back to article Most doctors plan to dodge health database

The majority of family doctors have said they will shun a government plan to stuff a database full of all our medical records. According to a poll conducted by the Guardian, 59 per cent of GPs said they would not put records on the so-called spine without the consent of a patient, and fully three-quarters say records will be …

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Unhappy

Common sense

They're quite right to be suspicious, given that the taxman's recent carelessness

http://news.bbc.co.uk/1/hi/uk_politics/7103566.stm

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Pirate

Following the loss of 15 million child benefit records...

...15,000 Standard life records, 2,000 ISA records...

they might have a point. Which makes me wonder about the other 41%

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Thumb Down

Cos that's impossible now right?

"a quarter said they were worried about bribery or blackmail of people with access to records"

Because, that is totally impossible now right? It's totally impossible to find a nurse at <insert random celebrity>'s surgery and blackmail them for the paper records? Wait...

These reports never mention the safeguards put in place to prevent the abuse of the spine records. 'Legitimate Relationships' stop anyone who is not directly connected to that patient accessing clinical data, and flagged records in the Patient Demographic Service stop demographic details of sensitive patients falling into the wrong hands. And of course, everything is audited, so if you're found out looking at records you shouldn't be, bye bye job, and depending on what you've done with the information, hello police!

The big issue is, and always has been, trust and control. Vocal GPs want control over "their" data, and don't trust anyone else. Until that mind set is changed, reports slamming the spine will continue.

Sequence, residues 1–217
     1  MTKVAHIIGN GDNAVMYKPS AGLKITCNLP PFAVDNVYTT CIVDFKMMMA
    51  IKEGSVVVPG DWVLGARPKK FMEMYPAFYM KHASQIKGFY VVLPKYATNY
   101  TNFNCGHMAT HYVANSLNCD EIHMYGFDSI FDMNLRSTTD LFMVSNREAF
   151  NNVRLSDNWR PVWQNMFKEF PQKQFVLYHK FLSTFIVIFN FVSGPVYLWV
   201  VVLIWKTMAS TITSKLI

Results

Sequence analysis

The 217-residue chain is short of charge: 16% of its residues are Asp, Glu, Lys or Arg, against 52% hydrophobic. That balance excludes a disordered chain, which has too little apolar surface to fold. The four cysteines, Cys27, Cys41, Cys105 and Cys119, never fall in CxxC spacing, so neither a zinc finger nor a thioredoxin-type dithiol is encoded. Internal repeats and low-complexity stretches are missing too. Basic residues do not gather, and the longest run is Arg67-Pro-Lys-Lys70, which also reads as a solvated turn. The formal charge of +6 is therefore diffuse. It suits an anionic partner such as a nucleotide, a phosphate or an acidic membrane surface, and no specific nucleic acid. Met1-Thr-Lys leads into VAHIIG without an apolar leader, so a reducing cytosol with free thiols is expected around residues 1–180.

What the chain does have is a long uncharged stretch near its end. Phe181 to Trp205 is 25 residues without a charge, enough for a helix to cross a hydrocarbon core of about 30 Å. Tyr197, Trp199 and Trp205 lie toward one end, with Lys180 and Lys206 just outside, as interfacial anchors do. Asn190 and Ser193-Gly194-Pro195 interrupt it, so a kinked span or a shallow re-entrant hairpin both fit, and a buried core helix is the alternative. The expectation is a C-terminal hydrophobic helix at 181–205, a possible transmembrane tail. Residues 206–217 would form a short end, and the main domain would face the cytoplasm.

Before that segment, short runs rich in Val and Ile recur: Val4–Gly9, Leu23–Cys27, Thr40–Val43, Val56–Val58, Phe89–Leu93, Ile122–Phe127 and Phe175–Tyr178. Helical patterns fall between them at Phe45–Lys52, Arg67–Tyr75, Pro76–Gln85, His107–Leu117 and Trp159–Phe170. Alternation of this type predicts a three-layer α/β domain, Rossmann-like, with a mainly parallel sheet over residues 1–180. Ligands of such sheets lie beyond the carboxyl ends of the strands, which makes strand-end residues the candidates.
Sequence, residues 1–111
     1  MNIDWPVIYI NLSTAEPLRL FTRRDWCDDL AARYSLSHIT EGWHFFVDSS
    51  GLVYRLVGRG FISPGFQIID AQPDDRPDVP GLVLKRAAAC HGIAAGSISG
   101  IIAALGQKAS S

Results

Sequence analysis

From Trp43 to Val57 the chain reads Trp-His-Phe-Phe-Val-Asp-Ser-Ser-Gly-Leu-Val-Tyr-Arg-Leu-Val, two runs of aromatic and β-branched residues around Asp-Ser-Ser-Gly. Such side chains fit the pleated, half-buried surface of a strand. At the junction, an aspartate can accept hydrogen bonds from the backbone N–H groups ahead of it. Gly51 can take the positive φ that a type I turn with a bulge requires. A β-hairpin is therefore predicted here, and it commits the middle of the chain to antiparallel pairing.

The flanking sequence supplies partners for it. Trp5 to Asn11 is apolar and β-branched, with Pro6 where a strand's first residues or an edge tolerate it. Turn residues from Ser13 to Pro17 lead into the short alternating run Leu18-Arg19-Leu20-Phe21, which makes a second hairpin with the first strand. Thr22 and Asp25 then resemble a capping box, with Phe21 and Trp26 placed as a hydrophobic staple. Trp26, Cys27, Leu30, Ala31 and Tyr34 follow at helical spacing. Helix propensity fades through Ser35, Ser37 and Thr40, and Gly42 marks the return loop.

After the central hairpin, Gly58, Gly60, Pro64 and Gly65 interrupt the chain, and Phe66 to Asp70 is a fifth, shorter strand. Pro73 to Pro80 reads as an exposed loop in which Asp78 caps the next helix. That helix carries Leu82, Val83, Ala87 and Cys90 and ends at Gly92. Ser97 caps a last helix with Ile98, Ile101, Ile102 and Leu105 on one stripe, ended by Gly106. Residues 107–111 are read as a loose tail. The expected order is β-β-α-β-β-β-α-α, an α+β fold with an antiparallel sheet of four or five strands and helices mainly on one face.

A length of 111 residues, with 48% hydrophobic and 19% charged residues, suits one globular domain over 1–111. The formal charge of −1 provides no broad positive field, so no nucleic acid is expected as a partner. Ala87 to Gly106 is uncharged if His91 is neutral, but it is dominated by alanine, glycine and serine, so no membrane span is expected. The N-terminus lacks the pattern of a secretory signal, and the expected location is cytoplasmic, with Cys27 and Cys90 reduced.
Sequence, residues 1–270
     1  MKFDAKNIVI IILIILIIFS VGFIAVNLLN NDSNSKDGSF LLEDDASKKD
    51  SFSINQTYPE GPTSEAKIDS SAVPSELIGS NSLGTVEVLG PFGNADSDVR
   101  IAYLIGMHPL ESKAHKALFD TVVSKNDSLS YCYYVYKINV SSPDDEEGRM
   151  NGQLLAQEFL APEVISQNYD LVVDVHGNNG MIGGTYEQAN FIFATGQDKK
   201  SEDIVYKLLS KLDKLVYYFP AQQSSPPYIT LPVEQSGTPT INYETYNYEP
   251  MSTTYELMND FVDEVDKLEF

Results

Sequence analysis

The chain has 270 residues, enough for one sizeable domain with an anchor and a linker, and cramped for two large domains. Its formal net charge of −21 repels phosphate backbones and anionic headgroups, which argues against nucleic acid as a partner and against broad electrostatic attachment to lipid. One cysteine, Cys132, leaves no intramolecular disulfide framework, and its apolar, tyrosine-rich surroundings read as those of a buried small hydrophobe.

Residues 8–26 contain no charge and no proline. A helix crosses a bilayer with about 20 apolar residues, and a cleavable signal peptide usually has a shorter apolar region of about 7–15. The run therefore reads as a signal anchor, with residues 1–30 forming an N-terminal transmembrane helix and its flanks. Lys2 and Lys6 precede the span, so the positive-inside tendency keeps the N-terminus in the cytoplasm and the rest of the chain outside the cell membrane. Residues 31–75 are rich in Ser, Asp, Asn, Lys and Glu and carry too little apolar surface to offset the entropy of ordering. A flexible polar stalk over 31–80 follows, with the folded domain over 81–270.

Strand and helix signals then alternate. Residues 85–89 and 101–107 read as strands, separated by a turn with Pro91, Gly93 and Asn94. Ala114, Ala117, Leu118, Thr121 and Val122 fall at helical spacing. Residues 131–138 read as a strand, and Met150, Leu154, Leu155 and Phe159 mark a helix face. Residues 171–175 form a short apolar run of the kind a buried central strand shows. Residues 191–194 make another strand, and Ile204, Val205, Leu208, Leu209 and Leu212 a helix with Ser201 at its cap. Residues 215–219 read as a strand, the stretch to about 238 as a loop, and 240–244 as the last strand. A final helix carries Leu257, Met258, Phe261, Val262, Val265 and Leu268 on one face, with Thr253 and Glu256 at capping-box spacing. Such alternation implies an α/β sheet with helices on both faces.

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Paris Hilton

O'Rly

I thought that the safe guards where only on the wishlist, as for auditing...

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(Written by Reg staff)

Impossible is nothing, Egor

Yes, of course a nurse at an individual surgery could be bribed. Or a student doing work experience etc.

But they would only have access to the locally held records, and the blackmailer/other would have to know which surgery to start at.

If someone with access to the spine was blackmailed/bribed or otherwise persuaded to share their access, *all* records would be compromised, audited or not.

Lucy

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Stop

Do you own your info?

This is similar to what happened in Iceland years ago when a gene research company ordered from ruling government a research database with the nations health info on mandatory level. The main argument was of course better life, cure of sickness, etc. In order to make some money out of this, paid third party access was planned which meant that insurance companies would theoretically have access to a person on dna level and determine premium to that level and companies could do dna screening on job candidates. Many were against the database but the government being somewhat personally entangled with the head of said company pushed this project very hard and the argument rose even to the ugly level of the government actually disputing a person's claim of owning the rights to him/herself since a person is born into the society.

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Anonymous Coward

Safeguards, schmafeguards